Dying in the Wool (Hardcover)
Minotaur Books, 9780312622398, 356pp.
Publication Date: February 14, 2012
"Well-plotted and atmospheric Kate Shackleton joins Jacqueline Winspear's Maisie Dobbs." --"Literary Review "
Take one quiet Yorkshire village
Bridgestead is a peaceful spot: a babbling brook, rolling hills and a working mill at its heart. Pretty and remote, nothing exceptional happens
Add a measure of mystery
Until the day that Master of the Mill Joshua Braithwaite goes missing in dramatic circumstances, never to be heard of again.
A sprinkling of scandal
Now Joshua's daughter is getting married and wants one last attempt at finding her father. Has he run off with his mistress, or was he murdered for his mounting coffers?
And Kate Shackleton amateur sleuth extraordinaire
Kate Shackleton has always loved solving puzzles. So who better to get to the bottom of Joshua's mysterious disappearance? But as Kate taps into the lives of the Bridgestead dwellers, she opens cracks that some would "kill" to keep closed
About the Author
Praise For Dying in the Wool…
Praise for Dying in the Wool"The first in a planned series introduces a refreshingly complex heroine and adds a fine feeling for the postwar period." --Kirkus “This well-plotted and atmospheric tale is enriched by technical expertise and a vividly imagined Yorkshire setting. Kate Shackleton joins Jacqueline Winspear’s Maisie Dobbs in a sub-group of young female amateur detectives who survived and were matured by their wartime experiences…. They make excellent heroines.” --Literary Review
"Dying in the Wool has a winning heroine, a fresh and fascinating setting, richly detailed and well-woven into the plot, and a mystery that twists and tightens and twists again, before pulling together to a surprising and satisfying solution." --Catriona McPherson, author of Dandy Gilver and the Proper Treatment of Bloodstains
“Reminiscent of Dorothy L. Sayers and Agatha Christie with a thoroughly likeable protagonist and a plot that held me to the end.” --Mignon F. Ballard, author of the Miss Dimple Kilpatrick Mystery Series"Brody, who has written historical fiction, presents a carefully researched setting, with accurate references to the popular culture of the day and clear explanations of the dyeing and weaving processes at the mill." --Booklist
"Excellent.... Ms. Brody does an excellent job of keeping the reader on the edge of their seat. DYING IN THE WOOL has a lot of unanticipated twists and turns. I was completely surprised at the end! There were so many ways the story could have gone. Cheers to the author for keeping us in suspense until the very last pages. I can't wait to read more Kate Shackleton! This is a series I am definitely hooked on." -- historyundressed.blogspot.com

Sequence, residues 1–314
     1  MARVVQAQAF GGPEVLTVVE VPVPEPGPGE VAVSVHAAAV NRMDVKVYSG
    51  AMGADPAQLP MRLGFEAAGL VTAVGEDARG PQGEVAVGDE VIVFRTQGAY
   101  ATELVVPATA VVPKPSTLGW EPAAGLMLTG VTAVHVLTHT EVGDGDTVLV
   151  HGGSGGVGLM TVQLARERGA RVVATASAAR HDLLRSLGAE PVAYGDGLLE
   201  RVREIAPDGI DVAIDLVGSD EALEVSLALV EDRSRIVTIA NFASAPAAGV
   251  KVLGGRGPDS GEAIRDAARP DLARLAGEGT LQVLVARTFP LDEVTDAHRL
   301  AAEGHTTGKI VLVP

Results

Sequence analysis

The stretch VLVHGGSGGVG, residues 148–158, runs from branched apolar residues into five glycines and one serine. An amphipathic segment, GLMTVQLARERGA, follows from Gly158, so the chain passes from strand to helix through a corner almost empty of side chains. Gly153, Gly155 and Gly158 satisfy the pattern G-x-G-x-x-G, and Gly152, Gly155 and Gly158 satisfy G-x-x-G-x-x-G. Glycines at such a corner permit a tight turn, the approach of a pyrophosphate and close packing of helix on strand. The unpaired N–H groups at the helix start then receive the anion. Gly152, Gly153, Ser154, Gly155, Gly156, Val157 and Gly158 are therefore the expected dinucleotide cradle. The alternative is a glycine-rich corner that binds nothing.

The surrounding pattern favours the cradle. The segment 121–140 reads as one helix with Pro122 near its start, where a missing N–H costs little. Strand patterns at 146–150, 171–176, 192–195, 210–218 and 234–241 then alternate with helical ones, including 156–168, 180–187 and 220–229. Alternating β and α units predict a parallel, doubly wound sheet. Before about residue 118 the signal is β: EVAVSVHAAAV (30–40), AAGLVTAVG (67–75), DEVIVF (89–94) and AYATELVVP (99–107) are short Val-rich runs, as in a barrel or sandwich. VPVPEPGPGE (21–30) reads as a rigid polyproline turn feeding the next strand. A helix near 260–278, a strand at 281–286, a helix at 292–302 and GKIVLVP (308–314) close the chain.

“Brody’s winning tale of textile industry shenanigans is shot through with local color.” –The Independent (UK)
“Highly entertaining… Frances Brody writes with charm and yet knows how to keep the reader guessing at every stage of the book. If you like pure detective novels you will love this.” --Gazette & Herald (UK)
“The story, with its secure setting in the richly-detailed woollen industry, is an excellent read. The characterization is strong and convincing and the sense of period well conveyed.”-- Mystery Women
“The background detail of milling and dyeing is spot on … as is her ear for the West Riding accent and dialect. The plot twists nicely and the denouement was, to me, unexpected.” --Country Life
“This is whimsical, colorful stuff and readers will warm to the entrepreneurial yet fragile Kate.” –Take a Break
“Kate Shackleton is a delightful leading character. The flavor of First World War England is beautifully portrayed. The world of the mill and the mill owner has gone, but in this book it is easy to image what it must have been like…. [Kate’s] aristocratic connections give the story a whiff of Wimsey and a touch of Christie, but mostly this is just an enjoyable and gripping mystery story with a nasty sting in the tail.” --CrimeSquad.com
“Dying in the Wool is a delightful book… the descriptive detail of the countryside and small village of Bridgestead is so vivid I could literally have been there. Kate Shackleton is a wonderful character and I connected with her immediately. She's a very determined soul in a time when women were still treated as second class citizens…. A very gentle book, but with a lot of substance.” – BookChickCity.com
“The 1920s are a fascinating and under-used period for new crime fiction, so it’s a particular pleasure to have Frances setting her story at that time. Kate Shackleton is a splendid heroine … I’m looking forward to the next book in the series!”--Ann Granger